MReport March 2019

TheMReport — News and strategies for the evolving mortgage marketplace.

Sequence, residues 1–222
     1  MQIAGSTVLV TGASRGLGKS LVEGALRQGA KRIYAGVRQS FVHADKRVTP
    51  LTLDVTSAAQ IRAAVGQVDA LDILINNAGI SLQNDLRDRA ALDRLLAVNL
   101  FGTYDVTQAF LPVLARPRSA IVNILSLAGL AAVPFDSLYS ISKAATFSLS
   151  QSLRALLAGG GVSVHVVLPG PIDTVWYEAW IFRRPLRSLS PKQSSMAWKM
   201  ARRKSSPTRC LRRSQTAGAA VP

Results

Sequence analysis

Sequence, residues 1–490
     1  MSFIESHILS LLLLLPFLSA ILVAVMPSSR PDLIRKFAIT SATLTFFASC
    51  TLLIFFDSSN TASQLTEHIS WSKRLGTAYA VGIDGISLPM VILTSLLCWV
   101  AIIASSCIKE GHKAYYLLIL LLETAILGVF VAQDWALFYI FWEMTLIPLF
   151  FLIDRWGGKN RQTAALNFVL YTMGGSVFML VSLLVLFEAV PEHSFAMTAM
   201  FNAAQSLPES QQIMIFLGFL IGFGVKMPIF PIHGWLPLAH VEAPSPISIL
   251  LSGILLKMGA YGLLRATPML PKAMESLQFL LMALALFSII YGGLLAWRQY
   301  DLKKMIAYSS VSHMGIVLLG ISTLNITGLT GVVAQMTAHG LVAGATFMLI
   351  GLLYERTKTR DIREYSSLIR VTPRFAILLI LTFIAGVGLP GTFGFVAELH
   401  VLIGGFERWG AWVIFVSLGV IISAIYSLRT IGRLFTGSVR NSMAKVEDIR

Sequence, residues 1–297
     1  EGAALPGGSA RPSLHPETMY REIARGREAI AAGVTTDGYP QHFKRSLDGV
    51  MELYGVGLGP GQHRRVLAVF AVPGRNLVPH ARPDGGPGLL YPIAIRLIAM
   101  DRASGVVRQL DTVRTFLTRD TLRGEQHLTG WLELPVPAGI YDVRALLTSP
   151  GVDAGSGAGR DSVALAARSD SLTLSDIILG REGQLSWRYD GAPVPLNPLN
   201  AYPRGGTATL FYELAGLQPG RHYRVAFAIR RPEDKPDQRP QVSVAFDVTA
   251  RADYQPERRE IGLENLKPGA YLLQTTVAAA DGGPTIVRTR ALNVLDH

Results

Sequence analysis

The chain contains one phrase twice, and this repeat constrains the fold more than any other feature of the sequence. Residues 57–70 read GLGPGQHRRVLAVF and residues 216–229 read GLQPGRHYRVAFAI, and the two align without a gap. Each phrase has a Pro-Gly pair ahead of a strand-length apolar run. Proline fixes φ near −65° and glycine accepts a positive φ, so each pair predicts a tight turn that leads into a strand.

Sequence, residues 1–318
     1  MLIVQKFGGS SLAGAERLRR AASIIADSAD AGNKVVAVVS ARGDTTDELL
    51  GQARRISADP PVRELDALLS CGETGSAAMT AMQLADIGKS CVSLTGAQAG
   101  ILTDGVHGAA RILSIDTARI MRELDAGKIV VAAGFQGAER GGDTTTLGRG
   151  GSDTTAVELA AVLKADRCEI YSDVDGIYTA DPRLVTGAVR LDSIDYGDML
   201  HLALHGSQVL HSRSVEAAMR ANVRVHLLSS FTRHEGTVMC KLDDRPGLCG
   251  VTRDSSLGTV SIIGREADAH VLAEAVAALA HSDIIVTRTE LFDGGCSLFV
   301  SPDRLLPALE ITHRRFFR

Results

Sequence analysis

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32 | TH E M R EP O RT FEATURE to fit one's business model. A do- it-yourself system can be changed and adjusted based on a com- pany's evolving business. Theoretically, leveraging the skills and experience of one's own IT staff and creating a custom- made LOS from scratch is the perfect solution for avoiding the limitations of traditional LOS products. The downside to this strategy, which should be obvious, is that it does not come cheap. If a lender wants to build its own system from scratch, it can and frequently does cost millions to hire the IT expertise and either license or purchase the rights to existing technologies. It will often take much longer to build than it would to buy software "off the shelf," so to speak. Another obstacle with building one's own technology or heavily customizing existing products is that it is often difficult to integrate new products and services. This is also true of traditional LOS products. When new third-party products and services become available, such as online loan appli- cation software or asset verification tools, lenders will try to "bolt on" these technologies with their LOS at a significant time and cost. The trouble is that different technologies do not all speak the same language, so they do not communicate very well with each other. Most LOS technologies were created before the emergence of application programming interfaces, or APIs. When new software be- comes available, and a lender wants to integrate it into its system, they typically have had to hire experts to do it or rely on their IT staff to solve the problem. Even then, the integration can take months. For all but the largest lenders, building one's own platform or licensing and patching together existing technologies to do the job is not financially or technically feasible. Even if a lender can suc- cessfully create or cobble together different technologies to create the "perfect" LOS for itself, it still needs the staff and resources to support it in an environment where technology changes almost daily. But for years, this was the only alternative to buying off-the- shelf software—until now. Cloud-Managed Technology T oday, lenders have access to mortgage technology that was initially built within and for a cloud environment. The benefits of leveraging this technology are wide-ranging as they are unique. For one, lenders that choose cloud-managed mortgage software will find themselves relying on the same technology infrastruc- ture that some of the largest tech companies in the world are using. Comcast, Adobe, and Dow Jones are just a few companies that are using Amazon Web Services (AWS), Amazon's cloud platform solution. Some of the most-used LOS technologies are still transi- tioning to these cloud services. As they make this transition, how- ever, they have had to use their existing servers, which creates an extra cost that is ultimately born by their clients. Lenders that choose a cloud- managed system also have access to open-API architecture that offers superior flexibility for any channel of business. With an open API ecosystem, lenders can access new technologies that are integrated by their LOS provider, behind the scenes, and in the cloud, at no ad- ditional cost to them. These systems can also be used by borrowers through borrower- facing websites, so that when a borrower keys in their data, it feeds directly into the LOS. And because all parties are using the same platform, lenders can also add online chat features and screen sharing tools that enable them to "follow along" with borrowers as they complete their mortgage applications online. If a borrower gets stuck along the way or makes a mistake when filling out their application, a loan officer can step in and provide help in real time. A third aspect of a cloud system is that it offers lower implementation and management costs at a time when lenders are facing rising costs of doing busi- ness. According to the Mortgage Bankers Association, it now costs roughly $8,000 to manufacture a mortgage loan. That's going to be particularly painful in 2019 when origination volume growth is expected to subside. Indeed, some of the nation's largest lenders are already announcing layoffs and cutbacks. Every lender relies on technol- ogy to produce loans, and there is no more important decision to make than choosing the platform they use to conduct business. For decades, their choices have been limited to two basic options–pur- chase off-the-shelf software and try to configure it to your busi- ness model, or build it yourself, either from scratch or more com- monly, by heavily customizing existing technologies through a "toolkit" approach. While both options have ben- efits, neither is having a significant impact on rising loan costs nor are they particularly well-suited at providing borrowers with the kind of customer experience they expect in today's highly digitized world. Slowly, more lenders are beginning to discover the third option I just described. One of them is PrimeLending, one of the nation's largest mortgage lenders. This past fall the company chose a modern cloud-managed system after determining the technol- ogy it offered was far superior to some of the industry's leading loan origination systems. At a time when profitability is of such critical importance, and when borrowers are more demanding and tech-savvy than ever, it's wise for lenders to evaluate their options carefully. "Tried and true" may be "tired and true," which could make a significant investment in widely accepted, old technology more costly than ever. STEVE OCTAVIANO has more than 30 years' experience in mortgage and financial services technology. He joined Blue Sage Solutions as CTO in 2016 to help drive growth and technical innovation projects. His career has been marked by the successful design, development, and delivery of complex and innovative mortgage lending and transaction management systems with a focus on product design, customer needs analysis, and enterprise-class IT performance. Lenders that choose a cloud-managed system also have access to open- API architecture that offers superior flexibility for any channel of business. With an open API ecosystem, lenders can access new technologies that are integrated by their LOS provider, behind the scenes, and in the cloud, at no additional cost to them.